The term “in connection with,” when used in other contexts, has generally been broadly construed by the IRS and courts. For instance, Section 174 of the Internal Revenue Code allows deductions of research and experimental expenditures paid or incurred in connection with a taxpayer’s trade or business. The Supreme Court, in interpreting that phrase for purposes of Section 174, permitted deductions for expenditures even though, at the time those expenditures were incurred, the taxpayer’s activities did not rise to the level of a trade or business.
A Recent PLR
The IRS recently released a private letter ruling — PLR 201714028 — that indicates a willingness to give broad interpretation to this phrase for purposes of the disguised sale rules. In the private letter ruling, a company (which appears to be a partnership for tax purposes) is planning to transfer cash and all of its material operating assets to a partnership in exchange for partnership interests. In connection with the transfer, the partnership will assume a certain amount of the company’s liabilities. Some of the liabilities were originally incurred to make distributions (presumably to the owners of the company) in connection with the company’s formation, and have been subsequently refinanced. The remaining liabilities have been incurred to acquire assets, make improvements, pay expenses and otherwise operate the company’s business. The company has also regularly distributed cash to its members in proportion to their ownership interests. The company represented that the liabilities were incurred years before the transfer, and were not incurred in anticipation of the transfer. The IRS ruled that all of the liabilities that will be assumed by the partnership in connection with the company’s transfer of cash and all of its material operating assets are New Qualified Liabilities.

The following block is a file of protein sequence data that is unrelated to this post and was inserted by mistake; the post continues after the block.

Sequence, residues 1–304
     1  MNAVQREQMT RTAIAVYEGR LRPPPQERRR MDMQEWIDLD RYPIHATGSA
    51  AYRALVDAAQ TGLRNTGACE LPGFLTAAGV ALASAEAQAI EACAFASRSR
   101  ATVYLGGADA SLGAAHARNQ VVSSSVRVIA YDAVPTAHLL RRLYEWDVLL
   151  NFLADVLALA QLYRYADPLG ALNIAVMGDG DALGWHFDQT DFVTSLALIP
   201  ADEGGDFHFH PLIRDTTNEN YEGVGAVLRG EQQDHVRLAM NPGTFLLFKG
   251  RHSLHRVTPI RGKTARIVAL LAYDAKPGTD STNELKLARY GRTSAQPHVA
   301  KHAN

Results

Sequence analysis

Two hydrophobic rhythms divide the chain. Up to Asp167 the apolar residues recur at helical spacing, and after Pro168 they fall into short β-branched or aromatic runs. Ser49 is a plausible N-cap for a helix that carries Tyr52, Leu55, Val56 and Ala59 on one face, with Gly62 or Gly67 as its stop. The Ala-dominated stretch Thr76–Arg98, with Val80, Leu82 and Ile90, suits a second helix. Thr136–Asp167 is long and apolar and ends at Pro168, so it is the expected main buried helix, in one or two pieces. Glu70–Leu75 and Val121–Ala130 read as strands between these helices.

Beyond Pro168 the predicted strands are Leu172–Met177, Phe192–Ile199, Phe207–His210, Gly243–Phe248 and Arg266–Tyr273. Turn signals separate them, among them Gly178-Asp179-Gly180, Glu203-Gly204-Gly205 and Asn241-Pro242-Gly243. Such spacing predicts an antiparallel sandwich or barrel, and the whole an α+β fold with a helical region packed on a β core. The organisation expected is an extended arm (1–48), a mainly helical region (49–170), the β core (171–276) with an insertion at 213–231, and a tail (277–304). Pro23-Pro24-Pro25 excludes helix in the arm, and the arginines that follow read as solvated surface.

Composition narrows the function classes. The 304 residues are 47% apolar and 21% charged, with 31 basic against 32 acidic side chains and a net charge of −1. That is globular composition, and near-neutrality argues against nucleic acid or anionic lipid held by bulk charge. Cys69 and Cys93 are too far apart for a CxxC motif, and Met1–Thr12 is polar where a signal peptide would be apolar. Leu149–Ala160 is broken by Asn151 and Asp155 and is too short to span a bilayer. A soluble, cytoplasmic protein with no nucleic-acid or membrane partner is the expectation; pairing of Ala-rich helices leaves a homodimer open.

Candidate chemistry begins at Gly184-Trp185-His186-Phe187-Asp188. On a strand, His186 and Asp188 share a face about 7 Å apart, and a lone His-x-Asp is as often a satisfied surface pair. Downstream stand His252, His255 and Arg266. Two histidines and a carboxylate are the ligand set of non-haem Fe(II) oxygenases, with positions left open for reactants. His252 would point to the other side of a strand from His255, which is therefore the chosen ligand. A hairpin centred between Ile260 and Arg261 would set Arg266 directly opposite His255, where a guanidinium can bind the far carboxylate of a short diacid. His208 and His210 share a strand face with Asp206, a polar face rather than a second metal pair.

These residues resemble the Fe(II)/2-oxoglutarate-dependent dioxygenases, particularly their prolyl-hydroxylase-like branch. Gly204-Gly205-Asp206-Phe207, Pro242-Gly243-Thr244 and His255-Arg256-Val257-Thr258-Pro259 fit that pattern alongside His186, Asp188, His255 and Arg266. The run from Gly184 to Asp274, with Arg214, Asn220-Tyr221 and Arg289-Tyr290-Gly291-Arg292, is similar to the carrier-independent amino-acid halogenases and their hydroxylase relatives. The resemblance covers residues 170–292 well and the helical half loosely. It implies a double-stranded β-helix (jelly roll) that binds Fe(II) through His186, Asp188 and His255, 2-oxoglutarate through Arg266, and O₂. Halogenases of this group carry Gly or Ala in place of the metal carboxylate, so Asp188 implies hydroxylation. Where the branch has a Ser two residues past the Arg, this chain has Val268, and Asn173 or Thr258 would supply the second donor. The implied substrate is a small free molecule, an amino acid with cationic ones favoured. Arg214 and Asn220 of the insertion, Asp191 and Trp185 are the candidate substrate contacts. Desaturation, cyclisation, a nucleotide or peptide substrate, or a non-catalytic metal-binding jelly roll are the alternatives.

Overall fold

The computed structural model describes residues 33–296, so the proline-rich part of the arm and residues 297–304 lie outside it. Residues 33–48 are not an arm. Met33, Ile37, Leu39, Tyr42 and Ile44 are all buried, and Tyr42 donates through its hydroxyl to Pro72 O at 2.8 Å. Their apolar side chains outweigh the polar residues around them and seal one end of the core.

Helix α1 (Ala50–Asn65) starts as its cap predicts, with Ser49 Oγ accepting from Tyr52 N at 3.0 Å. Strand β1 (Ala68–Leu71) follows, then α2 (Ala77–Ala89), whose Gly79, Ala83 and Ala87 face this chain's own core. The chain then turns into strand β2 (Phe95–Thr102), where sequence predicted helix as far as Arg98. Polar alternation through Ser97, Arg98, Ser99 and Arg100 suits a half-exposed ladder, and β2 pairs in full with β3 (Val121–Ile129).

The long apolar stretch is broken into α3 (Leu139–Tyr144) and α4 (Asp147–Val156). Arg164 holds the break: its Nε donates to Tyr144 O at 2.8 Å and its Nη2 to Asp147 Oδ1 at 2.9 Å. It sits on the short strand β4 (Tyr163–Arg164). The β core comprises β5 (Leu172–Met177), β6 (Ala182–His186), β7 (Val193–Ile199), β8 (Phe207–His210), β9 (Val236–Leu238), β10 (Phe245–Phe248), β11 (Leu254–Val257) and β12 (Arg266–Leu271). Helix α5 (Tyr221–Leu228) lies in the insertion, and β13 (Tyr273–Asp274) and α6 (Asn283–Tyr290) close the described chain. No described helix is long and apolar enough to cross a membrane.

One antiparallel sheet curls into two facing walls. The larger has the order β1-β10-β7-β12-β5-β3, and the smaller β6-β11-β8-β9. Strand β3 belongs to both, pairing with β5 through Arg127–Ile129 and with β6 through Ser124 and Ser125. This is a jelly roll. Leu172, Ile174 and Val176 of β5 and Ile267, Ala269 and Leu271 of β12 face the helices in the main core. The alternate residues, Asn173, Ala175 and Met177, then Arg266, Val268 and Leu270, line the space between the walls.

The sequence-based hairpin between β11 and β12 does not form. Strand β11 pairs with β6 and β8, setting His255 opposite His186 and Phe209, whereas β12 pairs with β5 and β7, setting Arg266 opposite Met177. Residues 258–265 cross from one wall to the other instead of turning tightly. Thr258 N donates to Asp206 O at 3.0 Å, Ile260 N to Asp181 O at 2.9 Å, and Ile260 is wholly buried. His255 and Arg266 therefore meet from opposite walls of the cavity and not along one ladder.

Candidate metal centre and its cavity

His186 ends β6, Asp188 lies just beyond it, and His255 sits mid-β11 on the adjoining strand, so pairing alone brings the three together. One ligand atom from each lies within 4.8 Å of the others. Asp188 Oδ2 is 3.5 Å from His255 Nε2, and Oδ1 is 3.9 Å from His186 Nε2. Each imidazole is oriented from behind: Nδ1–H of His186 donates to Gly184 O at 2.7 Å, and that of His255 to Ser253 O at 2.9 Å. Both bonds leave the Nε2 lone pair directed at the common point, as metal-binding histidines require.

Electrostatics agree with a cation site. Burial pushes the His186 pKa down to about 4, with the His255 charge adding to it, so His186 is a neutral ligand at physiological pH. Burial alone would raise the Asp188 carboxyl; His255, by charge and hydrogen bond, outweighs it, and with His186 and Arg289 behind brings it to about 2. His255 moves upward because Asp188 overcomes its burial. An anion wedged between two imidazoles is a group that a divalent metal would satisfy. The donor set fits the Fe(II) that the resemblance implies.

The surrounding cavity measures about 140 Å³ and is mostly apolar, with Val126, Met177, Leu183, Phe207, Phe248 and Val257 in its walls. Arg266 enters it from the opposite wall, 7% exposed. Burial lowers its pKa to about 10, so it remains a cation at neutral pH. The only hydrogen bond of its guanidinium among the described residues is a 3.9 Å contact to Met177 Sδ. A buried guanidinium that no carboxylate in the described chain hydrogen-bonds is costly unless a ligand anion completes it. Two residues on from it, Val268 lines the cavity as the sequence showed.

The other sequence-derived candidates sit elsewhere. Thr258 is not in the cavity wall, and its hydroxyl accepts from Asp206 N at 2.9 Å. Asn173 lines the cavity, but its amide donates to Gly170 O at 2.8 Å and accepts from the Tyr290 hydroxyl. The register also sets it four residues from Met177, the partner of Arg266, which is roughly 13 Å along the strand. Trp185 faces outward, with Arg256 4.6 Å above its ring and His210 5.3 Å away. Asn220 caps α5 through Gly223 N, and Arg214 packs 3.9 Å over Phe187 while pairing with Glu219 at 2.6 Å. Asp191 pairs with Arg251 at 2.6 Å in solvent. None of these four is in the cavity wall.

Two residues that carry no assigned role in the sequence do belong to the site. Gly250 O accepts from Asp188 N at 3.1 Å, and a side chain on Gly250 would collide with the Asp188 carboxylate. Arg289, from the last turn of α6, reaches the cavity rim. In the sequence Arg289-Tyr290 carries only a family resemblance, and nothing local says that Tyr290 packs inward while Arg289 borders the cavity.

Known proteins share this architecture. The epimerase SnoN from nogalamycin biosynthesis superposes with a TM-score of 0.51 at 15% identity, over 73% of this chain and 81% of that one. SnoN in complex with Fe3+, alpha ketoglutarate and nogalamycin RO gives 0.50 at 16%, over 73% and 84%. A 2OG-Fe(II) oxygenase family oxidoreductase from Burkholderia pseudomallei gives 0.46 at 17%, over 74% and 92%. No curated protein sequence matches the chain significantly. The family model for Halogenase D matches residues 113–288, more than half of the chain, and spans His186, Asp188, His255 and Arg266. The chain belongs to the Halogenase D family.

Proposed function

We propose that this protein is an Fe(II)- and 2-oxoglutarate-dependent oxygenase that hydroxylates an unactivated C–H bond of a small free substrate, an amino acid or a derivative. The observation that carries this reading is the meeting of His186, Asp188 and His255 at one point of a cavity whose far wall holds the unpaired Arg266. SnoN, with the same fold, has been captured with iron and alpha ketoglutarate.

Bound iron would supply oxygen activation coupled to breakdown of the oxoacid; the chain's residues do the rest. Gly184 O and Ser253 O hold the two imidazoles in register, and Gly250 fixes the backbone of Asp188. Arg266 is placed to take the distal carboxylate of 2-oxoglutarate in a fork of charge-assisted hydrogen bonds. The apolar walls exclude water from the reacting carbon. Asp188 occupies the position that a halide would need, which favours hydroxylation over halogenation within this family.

Liabilities incurred to fund the operations of a trade or business generally are understood to be liabilities incurred in connection with such trade or business. The PLR is significant in that it suggests liabilities incurred in part to fund distributions (out of the trade or business) also are considered incurred in connection with the trade or business. Even though the PLR states that most of the liabilities were incurred in connection with the operation of the company’s business, they can also be considered to be incurred to fund cash distributions to the company’s members, because money is fungible. Although the practical reach of the New Qualified Liability remains to be seen, the PLR may signal the IRS’ willingness to construe the phrase “in connection with” broadly in its application.